Climate Change Levy Agreements (CCLA) provide a valuable discount for eligible energy intensive and IPPC regulated industries. This large financial discount is exchanged in return for an agreement to meet energy reduction targets and several qualitative energy and carbon management criteria.
The new scheme, due to commence in 2013, will allow CCLA participants to claim increased discount levels of up to 90% for electricity and 65% for gas. If you are eligible for this agreement, you cannot afford to miss this opportunity to claim your energy discounts and you should take action now.
We have a range of experienced consultants with demonstrated knowledge in successfully establishing and managing these complex agreements over a range of industries. We will ensure your agreement is set up correctly and is effectively managed. This is of paramount importance to protect compliance in the event of a DECC audit.
Envantage offer a wide range of services from full negotiation and management, audit support, energy abatement and risk management services.
Climate Change Agreements (CCAs) allow eligible energy-intensive businesses to receive up to a 65% discount from the Climate Change Levy (CCL) in return for meeting energy efficiency or carbon-saving targets. The discount for electricity will increase to 90% from April 2013.
Climate Change Agreements (CCAs) are part of a package of government measures aimed at encouraging UK business to save energy and reduce carbon dioxide emissions. They set the terms under which eligible energy-intensive industries can claim a 65% discount on the Climate Change Levy (CCL), provided they meet targets for improving their energy efficiency or reducing their carbon emissions.
CCAs have a 2-tier structure:
- Sector-level agreements between DECC and the sector or trade association (known as umbrella agreements) – these set out sector targets, the sector and DECC’s obligations, and the procedures for administering the agreements.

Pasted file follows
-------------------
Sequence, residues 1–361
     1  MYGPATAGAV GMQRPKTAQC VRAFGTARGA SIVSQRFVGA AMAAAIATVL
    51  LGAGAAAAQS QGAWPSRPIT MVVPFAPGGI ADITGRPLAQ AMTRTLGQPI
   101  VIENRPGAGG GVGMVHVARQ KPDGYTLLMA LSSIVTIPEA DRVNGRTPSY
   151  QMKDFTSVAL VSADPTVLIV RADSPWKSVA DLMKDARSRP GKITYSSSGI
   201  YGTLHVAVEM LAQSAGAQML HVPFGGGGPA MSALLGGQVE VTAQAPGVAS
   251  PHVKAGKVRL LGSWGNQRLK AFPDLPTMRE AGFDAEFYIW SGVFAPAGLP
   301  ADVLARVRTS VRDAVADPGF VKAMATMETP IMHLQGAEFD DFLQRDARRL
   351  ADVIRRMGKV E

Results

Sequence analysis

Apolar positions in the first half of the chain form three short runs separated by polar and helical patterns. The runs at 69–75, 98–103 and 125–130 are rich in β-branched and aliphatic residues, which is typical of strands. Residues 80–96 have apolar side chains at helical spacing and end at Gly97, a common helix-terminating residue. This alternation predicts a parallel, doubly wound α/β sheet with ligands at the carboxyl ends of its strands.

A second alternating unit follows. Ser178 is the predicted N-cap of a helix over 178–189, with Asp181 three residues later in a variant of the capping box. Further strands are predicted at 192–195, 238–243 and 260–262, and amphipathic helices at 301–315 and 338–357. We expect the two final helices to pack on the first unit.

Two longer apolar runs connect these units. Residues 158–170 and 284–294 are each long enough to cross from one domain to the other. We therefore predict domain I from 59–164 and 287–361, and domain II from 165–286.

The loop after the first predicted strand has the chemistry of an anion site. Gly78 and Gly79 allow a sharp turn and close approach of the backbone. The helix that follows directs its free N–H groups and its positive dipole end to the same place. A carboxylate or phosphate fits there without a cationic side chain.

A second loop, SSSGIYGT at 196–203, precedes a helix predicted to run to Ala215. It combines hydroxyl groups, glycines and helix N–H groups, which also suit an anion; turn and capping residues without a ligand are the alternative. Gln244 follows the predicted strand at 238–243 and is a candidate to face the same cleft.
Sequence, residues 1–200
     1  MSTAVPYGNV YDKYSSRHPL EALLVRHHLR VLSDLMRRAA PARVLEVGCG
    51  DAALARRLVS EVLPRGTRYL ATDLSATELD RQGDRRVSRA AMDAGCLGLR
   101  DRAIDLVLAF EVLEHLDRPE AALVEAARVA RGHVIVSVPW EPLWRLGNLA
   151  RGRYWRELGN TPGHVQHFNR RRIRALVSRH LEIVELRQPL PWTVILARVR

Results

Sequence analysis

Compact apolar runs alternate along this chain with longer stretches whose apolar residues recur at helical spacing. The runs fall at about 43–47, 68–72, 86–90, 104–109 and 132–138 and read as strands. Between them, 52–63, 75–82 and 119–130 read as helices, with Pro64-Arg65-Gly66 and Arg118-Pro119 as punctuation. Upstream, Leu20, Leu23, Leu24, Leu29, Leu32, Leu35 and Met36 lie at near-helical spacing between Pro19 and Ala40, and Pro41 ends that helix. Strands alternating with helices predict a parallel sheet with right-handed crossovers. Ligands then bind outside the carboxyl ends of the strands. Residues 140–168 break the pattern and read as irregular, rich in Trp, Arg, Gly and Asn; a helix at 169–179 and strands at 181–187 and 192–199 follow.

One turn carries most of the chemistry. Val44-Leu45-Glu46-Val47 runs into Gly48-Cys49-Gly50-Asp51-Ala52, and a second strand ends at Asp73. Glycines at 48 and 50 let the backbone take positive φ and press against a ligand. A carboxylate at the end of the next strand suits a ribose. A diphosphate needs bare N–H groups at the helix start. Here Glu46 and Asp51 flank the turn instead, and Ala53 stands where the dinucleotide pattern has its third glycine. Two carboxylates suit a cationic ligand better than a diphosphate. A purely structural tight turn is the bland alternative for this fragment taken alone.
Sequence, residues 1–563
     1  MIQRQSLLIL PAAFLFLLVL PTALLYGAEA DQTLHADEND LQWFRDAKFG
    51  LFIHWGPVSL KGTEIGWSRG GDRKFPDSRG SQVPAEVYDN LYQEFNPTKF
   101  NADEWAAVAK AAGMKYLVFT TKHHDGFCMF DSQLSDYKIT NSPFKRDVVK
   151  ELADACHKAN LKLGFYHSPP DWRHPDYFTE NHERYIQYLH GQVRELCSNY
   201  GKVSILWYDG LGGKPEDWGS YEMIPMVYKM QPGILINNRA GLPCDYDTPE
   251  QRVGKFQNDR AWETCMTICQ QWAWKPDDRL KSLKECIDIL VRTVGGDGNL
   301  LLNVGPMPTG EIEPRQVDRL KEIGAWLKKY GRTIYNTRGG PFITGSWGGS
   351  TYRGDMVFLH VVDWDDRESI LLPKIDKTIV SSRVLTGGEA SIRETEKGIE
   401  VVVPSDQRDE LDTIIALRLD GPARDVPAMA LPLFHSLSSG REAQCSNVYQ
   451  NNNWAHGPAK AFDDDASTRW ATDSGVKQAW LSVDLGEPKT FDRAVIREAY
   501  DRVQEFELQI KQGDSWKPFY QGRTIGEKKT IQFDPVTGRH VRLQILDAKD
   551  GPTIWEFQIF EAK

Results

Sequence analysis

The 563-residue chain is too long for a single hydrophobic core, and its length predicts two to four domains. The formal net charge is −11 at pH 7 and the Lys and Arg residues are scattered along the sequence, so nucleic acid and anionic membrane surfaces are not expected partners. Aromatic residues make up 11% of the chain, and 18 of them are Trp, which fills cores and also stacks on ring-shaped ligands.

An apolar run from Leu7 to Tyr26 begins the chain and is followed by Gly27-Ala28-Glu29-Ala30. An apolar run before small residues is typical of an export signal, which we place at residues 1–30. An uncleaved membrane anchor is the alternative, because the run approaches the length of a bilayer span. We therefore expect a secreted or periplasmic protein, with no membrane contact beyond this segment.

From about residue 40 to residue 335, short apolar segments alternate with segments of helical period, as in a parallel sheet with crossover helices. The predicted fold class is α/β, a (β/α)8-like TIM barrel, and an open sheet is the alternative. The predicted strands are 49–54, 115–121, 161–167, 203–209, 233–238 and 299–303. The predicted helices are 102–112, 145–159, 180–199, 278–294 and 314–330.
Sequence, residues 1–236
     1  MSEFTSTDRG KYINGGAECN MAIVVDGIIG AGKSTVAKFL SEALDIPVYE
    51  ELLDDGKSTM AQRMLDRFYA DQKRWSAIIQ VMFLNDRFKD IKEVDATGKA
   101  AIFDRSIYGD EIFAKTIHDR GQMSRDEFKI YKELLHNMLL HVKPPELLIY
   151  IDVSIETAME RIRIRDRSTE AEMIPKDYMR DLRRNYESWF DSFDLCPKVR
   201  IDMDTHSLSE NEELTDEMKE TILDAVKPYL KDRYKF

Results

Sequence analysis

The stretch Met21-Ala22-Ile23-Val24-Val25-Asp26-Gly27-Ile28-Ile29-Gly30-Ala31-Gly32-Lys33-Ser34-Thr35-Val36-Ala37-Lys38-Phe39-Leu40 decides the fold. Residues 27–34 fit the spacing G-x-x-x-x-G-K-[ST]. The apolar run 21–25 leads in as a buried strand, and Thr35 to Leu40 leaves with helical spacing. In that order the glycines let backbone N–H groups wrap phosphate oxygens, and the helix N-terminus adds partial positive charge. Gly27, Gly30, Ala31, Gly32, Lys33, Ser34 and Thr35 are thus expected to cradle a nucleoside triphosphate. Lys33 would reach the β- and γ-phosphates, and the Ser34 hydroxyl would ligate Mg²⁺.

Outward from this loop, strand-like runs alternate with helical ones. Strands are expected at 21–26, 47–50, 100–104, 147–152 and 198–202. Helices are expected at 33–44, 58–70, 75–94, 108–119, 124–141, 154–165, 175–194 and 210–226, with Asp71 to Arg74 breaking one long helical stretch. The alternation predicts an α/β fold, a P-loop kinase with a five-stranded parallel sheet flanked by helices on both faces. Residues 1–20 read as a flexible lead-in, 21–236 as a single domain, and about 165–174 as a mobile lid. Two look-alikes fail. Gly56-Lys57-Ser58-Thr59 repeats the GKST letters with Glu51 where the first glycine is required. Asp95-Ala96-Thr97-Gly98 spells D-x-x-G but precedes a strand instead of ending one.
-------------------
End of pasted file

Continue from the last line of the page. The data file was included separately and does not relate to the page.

- Individual agreements between DECC and the facility operator (known as underlying agreements) – these set out the targets the facility needs to meet, the operator and DECC’s obligations, and the procedures for administering the agreements.
CCAs allow eligible energy-intensive businesses to receive up to a 65% discount from the CCL in return for meeting energy efficiency or carbon-saving targets.
Energy-intensive industries: definitions
Energy-intensive industries were defined initially as industries covered by Part A1 or A2, in Part 1 of Schedule 1 of the Pollution Prevention and Control (England and Wales) Regulations 2000 (as amended). This definition applies throughout the UK.
In 2006, the qualifying criteria for sectors that could apply for a CCA was extended and the definition of ‘energy intensity’ expanded to include the one set out in the Energy Products Directive (which came into force on 1 January 2004). The extended criteria are as follows:
- energy intensity (EI) must be 3% or more (ie energy costs must be 3% or more of the production value for the sector)
- the industry import penetration ratio must be 50% or more – this ratio is calculated for the sector as a whole to determine its exposure to international competition (the import penetration ratio is the total value of sector imports, divided by the total value of UK sector sales, plus the total sales value of imports, minus the total value of sector exports)
Sectors that do not meet the international competitiveness criteria must have an EI of 10% or more.
The eligibility test is based on the average energy cost and production values for 3 consecutive years. It is only applied at sector level and only at the beginning of the agreement so as not to disincentivise energy efficiency.
Sectors that have negotiated EI agreements include industrial gases, cold storage and glass manipulators.